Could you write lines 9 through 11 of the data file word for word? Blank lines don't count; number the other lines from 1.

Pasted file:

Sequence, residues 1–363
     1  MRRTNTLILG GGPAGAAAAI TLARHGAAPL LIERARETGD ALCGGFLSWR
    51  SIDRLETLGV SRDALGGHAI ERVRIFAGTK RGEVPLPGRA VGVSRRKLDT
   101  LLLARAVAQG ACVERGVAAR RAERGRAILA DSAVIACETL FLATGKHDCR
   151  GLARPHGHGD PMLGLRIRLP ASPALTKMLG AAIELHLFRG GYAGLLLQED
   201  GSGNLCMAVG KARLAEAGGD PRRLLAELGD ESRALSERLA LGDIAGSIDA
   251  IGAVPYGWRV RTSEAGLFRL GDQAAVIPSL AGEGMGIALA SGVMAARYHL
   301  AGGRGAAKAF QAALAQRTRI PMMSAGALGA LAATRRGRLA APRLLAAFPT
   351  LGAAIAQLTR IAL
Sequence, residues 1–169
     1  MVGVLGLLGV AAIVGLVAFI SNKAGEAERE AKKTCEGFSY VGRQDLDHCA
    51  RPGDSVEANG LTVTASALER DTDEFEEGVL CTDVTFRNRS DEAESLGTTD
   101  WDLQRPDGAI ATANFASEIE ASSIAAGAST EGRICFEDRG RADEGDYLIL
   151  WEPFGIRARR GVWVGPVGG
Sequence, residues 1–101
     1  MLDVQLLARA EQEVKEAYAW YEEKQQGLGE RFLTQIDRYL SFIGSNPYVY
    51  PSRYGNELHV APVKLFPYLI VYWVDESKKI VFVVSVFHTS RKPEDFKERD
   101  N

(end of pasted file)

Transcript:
   351  LGAAIAQLTR IAL
Sequence, residues 1–169
     1  MVGVLGLLGV AAIVGLVAFI SNKAGEAERE AKKTCEGFSY VGRQDLDHCA